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Series One: The Science-Fiction Series
Introductory look at the Science-Fiction Series.

The Aliens.
General info on the Aliens.

The Robots.
General info on the Robots.

The main space Vehicle.
General info on the Space Vehicle.

The Characters.
General info on the Characters.

The Stories.
General info on how the Stories will be implemented.

Episode Guide.
General info on the planned First Season.

Cool Things to Ponder.
Cool things about my show, listed five at a time.
1 to 5
6 to 10
11 to 15
16 to 20
21 to 25

Our Previews.
Fixing Star Trek's problems, one preview at a time.

The Honored Dead.
Actors I wanted who died already.

The Thrill of Illinois.
Where my show would be produced.

Proof a Large Cast can work.
Examples from other Television Series.

TV Series Premiere Announcements.
Compare what I am giving you to what little they gave you.

What is a Presentation Film?
How some shows began.

Letterbox Format Explanation.
What's with those black bars?


I can't put much detailed information here about my Science-Fiction series until production time comes. Until then here are some elements to ponder over. These alone show that my series is a step above most other programs.


Because we're not recycling the old Star Trek crap, our aliens don't speak a word of English. That rule alone eliminates 99% of Star Trek's stories, makes Babylon 5 extremely difficult, and completely eliminates Gene Roddenberry's Andromeda.

How many Science-Fiction Television Series can you name that followed this common sense rule? Here's a clue. The number is in the single digit range.

Contrary to Star Trek, in the original Star Wars trilogy of Wars, Empire and Jedi, only just two aliens, Yoda and Admiral Ackbar, ever spoke any English. That didn't seem to stop them from being entertaining, dramatic, nor did it hinder the storytelling.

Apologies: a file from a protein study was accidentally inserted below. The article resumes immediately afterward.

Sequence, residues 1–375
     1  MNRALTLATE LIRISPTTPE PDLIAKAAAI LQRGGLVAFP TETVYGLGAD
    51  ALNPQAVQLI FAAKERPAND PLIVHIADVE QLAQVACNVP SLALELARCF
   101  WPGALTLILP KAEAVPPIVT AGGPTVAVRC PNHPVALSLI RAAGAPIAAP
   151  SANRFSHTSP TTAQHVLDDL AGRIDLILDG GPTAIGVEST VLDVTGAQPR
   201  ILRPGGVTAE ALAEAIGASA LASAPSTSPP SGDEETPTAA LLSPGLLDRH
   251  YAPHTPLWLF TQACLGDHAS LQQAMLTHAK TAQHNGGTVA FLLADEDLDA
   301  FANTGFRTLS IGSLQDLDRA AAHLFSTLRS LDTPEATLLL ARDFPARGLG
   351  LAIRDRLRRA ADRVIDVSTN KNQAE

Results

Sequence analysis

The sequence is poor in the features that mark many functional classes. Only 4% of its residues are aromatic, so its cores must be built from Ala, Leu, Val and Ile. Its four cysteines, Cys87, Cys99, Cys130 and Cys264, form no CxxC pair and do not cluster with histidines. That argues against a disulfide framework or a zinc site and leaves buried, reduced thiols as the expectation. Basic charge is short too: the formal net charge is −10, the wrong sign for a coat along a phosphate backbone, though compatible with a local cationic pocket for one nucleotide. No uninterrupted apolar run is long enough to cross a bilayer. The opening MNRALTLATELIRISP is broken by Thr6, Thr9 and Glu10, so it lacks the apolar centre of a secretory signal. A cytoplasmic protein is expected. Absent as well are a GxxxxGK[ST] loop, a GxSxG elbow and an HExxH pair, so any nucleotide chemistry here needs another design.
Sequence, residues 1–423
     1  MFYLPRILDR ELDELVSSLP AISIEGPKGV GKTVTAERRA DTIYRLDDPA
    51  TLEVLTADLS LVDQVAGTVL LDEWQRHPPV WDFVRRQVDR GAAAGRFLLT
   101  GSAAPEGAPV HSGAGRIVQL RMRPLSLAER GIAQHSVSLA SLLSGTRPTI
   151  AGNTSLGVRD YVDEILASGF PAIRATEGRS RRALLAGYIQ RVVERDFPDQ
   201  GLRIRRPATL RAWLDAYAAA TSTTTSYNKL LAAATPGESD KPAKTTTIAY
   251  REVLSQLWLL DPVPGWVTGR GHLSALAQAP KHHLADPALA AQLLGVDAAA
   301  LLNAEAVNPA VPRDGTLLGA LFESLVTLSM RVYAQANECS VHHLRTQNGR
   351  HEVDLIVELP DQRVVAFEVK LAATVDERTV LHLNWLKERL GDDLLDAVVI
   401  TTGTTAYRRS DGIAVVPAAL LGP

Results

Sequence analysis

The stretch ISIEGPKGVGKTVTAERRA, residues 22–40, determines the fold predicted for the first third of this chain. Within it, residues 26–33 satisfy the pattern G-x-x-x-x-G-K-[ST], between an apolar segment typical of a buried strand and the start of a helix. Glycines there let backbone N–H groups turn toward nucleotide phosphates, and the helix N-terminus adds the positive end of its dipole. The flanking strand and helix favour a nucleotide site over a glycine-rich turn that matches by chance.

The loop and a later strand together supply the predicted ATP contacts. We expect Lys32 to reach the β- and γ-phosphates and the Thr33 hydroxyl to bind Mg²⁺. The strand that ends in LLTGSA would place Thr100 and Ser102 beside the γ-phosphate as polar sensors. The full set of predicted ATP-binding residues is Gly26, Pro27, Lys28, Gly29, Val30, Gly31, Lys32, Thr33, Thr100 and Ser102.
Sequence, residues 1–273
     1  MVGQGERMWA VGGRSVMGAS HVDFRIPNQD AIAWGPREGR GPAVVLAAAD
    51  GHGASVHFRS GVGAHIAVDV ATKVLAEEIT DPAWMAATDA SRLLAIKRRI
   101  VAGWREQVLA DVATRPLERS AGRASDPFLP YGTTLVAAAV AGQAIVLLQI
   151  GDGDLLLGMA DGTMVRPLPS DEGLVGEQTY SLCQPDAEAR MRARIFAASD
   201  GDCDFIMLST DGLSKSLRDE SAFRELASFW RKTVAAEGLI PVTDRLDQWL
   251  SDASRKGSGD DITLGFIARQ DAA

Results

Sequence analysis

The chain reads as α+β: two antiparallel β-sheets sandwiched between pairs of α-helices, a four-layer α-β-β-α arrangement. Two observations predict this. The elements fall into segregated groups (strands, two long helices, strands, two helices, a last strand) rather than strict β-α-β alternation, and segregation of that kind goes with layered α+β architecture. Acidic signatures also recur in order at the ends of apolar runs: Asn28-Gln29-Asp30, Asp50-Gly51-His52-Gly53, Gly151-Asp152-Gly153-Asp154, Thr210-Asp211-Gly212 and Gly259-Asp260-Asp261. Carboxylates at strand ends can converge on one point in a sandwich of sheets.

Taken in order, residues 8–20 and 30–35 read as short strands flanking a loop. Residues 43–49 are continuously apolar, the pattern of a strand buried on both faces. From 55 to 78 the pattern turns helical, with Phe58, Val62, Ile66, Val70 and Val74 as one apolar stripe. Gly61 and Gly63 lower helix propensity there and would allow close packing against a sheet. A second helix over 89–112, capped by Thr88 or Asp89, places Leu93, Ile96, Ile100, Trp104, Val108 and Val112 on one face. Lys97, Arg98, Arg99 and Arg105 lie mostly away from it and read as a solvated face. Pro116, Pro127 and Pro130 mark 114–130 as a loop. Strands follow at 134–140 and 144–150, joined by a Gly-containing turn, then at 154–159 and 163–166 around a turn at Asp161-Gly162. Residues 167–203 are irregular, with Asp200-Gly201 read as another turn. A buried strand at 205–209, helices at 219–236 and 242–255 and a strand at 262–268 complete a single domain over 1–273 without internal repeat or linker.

Star Wars Jawa
Star Wars Jawa.


Robots are actually quite rare on Science Fiction Television Series. Unless you recall that episode of Star Trek where Captain Picard had to fight Gort the Robot over the fate of the Enterprise.

We will see Robots regularly on my Science-Fiction Series.

Doctor Who robot
Drathro the
Doctor Who robot.


My Science-Fiction Series will be an hour long show, consisting of a Teaser, Four Acts, and an Epilogue, the same format as Babylon 5 & The Fugitive.

The Fugitive
The Fugitive.


Find out more about it HERE.

Star Wars Letterbox
Star Wars in


Unlike Star Trek and other shows where most of the action takes place during the daytime, many episodes and events on my show take place at night. Haven't you ever found it odd that the Klingons never decided to attack the Enterprise at 1:45 AM in the morning?

Just like that stupid idea that there is an "Up" in space, why is every planet set on the same time zone? Of all the negotiations and peace treaties the Enterprise had to do, you never once saw the crew bitching about how they had to get up at 11:00 PM at night to beam down to a planet just to find the sun bright and shiny and it's noon-time in this alien city.

Since space is black and dark, adding night-time adventures for the crew doesn't change anything for the production, but adds realism, credibility and fun. The few times Captain Picard ever complained about anything were fun to watch. And the episode "Schisms" (seen right) where Riker couldn't sleep because he kept being kidnapped and probed by aliens during his sleep, Riker's hair was priceless.

The majority of Episode 5 takes place at night, and is the first to do so.

Picard and Riker
Picard and Riker
from "Schisms".

Still Not Enough?
Five More Things to Ponder.

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